Media Skills


CLCs use the media in a number of ways: to promote the centre and its services, to educate and inform the community, to draw attention to an unjust situation, and to advocate for change.

The following resources should help you use the media effectively.

We will add to the resources on this page over time. If you know of public resources we could add, please contact the CLCNSW Advocacy and Human Rights Officer (click here for email).


Comprehensive media guides

The Illawarra Forum’s website has a guide: How to Work with the Media, created by Creative Commons.

The Department of Immigration and Citizenship publishes Publicity Guide: How to promote your community relations project through the media.

The American NGO Coalition for the International Criminal Court has produced a resource called NGO Media Outreach: Using the Media as an Advocacy Tool (Sept 2003). 

This guide covers the following topics:

Harnessing the Power of the Media

Planning a Successful Media Outreach Campaign

Delivering Your Campaign to the Media

The publication Suicide and Mental Illness in the Media produced by the Hunter Institute of Mental Health was created for mental health workers but it provides general information on interacting with the media which is useful for community organisations.

Specific Topics

When and How to use the media

Our Community has Help Sheets on the following areas

It is important to remember that there are a variety of media targets, suitable for different issues. Don’t forget local media, or specialist publications.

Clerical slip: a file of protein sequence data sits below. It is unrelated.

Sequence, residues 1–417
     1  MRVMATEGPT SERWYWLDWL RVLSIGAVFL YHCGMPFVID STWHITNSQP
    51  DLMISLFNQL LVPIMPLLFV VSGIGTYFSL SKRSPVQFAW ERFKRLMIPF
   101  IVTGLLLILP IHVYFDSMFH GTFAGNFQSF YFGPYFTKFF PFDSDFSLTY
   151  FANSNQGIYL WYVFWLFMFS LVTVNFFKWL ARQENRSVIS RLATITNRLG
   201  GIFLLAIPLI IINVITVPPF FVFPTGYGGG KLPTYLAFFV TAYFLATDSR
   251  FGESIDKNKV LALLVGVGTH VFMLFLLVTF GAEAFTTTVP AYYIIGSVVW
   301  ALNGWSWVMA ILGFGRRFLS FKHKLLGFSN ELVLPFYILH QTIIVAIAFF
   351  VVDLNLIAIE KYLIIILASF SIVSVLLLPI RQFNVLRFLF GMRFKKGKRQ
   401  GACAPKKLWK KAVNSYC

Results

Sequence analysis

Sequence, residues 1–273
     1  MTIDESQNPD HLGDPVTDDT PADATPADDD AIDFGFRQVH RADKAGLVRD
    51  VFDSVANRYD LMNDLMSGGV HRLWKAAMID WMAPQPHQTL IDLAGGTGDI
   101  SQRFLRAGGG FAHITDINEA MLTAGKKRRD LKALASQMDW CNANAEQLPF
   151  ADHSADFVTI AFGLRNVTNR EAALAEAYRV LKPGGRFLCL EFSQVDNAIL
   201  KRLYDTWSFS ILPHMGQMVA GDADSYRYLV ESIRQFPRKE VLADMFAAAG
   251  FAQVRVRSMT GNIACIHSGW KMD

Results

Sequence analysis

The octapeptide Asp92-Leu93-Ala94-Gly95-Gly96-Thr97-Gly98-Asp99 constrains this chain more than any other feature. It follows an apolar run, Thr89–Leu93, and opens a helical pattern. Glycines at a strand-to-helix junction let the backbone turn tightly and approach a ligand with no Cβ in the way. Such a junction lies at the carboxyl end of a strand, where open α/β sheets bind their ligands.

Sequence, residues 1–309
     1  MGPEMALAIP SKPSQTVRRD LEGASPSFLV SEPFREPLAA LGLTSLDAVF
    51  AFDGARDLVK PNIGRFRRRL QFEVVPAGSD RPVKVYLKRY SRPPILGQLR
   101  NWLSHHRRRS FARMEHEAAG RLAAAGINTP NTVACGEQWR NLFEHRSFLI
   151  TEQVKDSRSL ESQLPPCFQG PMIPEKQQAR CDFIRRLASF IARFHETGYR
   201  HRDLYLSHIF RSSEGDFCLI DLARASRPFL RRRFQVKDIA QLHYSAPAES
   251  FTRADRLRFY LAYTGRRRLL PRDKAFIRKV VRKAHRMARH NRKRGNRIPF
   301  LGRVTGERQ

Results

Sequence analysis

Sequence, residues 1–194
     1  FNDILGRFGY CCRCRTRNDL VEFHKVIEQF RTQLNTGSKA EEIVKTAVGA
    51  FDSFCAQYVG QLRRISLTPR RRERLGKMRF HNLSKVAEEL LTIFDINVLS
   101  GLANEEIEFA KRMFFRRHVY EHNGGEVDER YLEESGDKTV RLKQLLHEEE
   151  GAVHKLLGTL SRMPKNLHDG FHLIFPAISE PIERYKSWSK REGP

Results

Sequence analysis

Media stories are driven by conflict and your local media is likely to be interested in any national issue with potential for local impact. This is especially true of the impact on the average human ‘person on the street’ is clearly identifiable. When dealing with local media, being able to identify the local angle and impact is critical, which is why highlighting case studies is a good place to start.

There is an interesting article on raising awareness about domestic violence in the media, written by Megan Hughes, in Newsletter 41 of the Australian Domestic & Family Violence Clearing House - Accessible here.

Media releases

A few tips on getting out a good media release:

1) Always precede a press release with a telephone call to say it's coming.

2) The impact must be at the very beginning.

3) Use plain English, avoid acronyms.

4) Finish with a contact name with work and home numbers.

5) The earlier in the week the better/ the earlier in the day the better.


Our Community has Help Sheets on the following areas:

If NSW CLCs wish to send a media release through the NACLC AAPMediaNet service, please contact the CLCNSW state office.


Letters to the Editor

The following Help Sheet is produced by Our Community:


Be Careful What You Say…

Be aware of the law in relation to defamation, sedition, contempt of court (including sub judice), and privacy. A few sources of information are:

A toolkit, Speaking Wisely, is produced by Redfern Legal Centre. It is available from their Publications Page.

A University of New South Wales (UNSW) fact sheet on defamation

The Environmental Defenders Office produce a factsheet on Speaking out in Public, which deals with defamation.